The National Cyber Investigative Joint Task Force (NCIJTF) published a ransomware fact sheet to increase awareness regarding the ransomware attack threats and offer information that could be used to avoid and offset attacks.
An interagency group of over 15 government agencies created the fact sheet, which is mainly designed for use by state, local, tribal and territorial governments, fire and police departments, and critical infrastructure agencies. The factsheet was introduced for the “Reduce the Risk of Ransomware Campaign” introduced by the DHS’ Cybersecurity and Infrastructure Security Agency (CISA) last January 2021.
The fact sheet provides information such as:
- the effect of ransomware attacks on the public segment
- data on U.S. government initiatives to fight ransomware threats
- the most prevalent methods utilized by threat actors to get access to systems to set up ransomware payloads, which include phishing emails and vulnerabilities in the Remote Desktop Protocol (RDP) and software.
Phishing emails consist of either a malicious hyperlink or file attachment. When a user clicks to view the attachment or goes to the hyperlink, a code is executed to download a malicious payload. The payload could be ransomware or a malware variant that will eventually be utilized to deploy the ransomware. A new report from Coveware states that phishing emails are currently the more often used for ransomware delivery compared to exploiting RDP vulnerabilities.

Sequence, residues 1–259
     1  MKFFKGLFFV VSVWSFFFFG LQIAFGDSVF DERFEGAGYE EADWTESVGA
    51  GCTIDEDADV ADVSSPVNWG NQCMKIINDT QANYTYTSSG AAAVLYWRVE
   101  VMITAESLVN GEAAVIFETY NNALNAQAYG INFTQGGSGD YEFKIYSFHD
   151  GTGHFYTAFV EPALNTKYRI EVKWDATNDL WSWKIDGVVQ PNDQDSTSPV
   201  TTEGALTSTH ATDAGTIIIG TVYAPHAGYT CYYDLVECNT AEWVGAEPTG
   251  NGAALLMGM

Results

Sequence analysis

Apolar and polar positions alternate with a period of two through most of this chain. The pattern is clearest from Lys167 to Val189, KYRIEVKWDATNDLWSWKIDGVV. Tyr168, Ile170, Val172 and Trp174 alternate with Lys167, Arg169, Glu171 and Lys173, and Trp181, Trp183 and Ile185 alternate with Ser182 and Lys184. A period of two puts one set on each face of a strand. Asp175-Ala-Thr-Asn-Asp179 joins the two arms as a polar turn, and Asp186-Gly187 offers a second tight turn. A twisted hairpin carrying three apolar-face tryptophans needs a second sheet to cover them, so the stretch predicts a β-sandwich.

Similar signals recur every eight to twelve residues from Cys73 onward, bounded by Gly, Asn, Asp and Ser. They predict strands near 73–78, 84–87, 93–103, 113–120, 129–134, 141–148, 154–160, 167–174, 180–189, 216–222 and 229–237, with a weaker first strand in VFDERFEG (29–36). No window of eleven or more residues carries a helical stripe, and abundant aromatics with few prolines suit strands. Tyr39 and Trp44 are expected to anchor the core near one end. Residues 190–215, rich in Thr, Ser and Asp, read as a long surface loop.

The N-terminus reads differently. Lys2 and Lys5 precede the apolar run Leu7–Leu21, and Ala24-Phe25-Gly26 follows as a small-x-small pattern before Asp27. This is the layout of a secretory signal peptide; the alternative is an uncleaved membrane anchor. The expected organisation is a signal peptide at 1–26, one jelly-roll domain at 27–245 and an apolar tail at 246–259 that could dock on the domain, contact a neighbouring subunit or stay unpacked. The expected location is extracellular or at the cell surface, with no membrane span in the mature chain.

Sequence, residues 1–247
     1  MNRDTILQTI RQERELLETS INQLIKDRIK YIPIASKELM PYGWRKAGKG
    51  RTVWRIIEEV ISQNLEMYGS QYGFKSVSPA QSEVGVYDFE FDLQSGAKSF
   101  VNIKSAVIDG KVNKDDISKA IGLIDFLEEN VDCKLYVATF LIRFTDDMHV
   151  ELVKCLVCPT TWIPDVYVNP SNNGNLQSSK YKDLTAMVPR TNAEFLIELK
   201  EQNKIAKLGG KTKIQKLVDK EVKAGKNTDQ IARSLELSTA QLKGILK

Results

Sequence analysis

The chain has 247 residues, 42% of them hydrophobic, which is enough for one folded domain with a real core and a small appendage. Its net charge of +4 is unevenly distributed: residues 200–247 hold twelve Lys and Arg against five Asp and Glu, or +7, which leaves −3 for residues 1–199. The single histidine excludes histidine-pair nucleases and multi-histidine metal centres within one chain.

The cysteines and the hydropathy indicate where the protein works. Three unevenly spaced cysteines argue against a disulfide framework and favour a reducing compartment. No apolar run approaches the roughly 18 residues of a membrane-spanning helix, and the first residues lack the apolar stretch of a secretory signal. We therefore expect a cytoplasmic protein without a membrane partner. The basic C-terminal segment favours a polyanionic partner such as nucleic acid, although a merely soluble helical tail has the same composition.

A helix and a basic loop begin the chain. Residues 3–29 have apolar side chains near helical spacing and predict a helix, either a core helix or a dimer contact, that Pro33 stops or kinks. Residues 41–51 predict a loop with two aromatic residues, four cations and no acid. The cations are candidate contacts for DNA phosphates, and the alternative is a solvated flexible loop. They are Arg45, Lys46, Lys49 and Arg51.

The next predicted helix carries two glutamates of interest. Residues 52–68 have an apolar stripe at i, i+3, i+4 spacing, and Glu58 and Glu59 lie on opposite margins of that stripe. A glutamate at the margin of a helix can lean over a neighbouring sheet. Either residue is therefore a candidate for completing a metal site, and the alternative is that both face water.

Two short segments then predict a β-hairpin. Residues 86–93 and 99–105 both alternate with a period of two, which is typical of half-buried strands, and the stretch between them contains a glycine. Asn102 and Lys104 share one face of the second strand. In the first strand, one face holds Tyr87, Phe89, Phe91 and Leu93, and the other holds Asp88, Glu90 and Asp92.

The exploitation of RDP vulnerabilities enables remote workers to gain access to resources and information online. Brute force techniques are frequently employed to guess weak passwords. Sometimes attackers buy stolen credentials on darknet marketplaces to remotely access networks and set up malware or ransomware. Although not as common, attackers also exploit software vulnerabilities to control victim systems and release ransomware.
A lot of the latest ransomware attacks were extremely sophisticated and targeted. Although it is impossible to do away with risk completely, the majority of ransomware attacks may be averted through these cybersecurity best practices.
- Backing up information, checking backups, and making sure a copy is stored safely offline.
- Employing multifactor authentication.
- Updating and patching all software programs and systems.
- Making sure security solutions like antivirus software programs are up to date.
- Creating, examining, and evaluating an incident response plan.
The ransomware fact sheet is available here.
More information on stopping and mitigating ransomware attacks could be accessed on CISA’s page.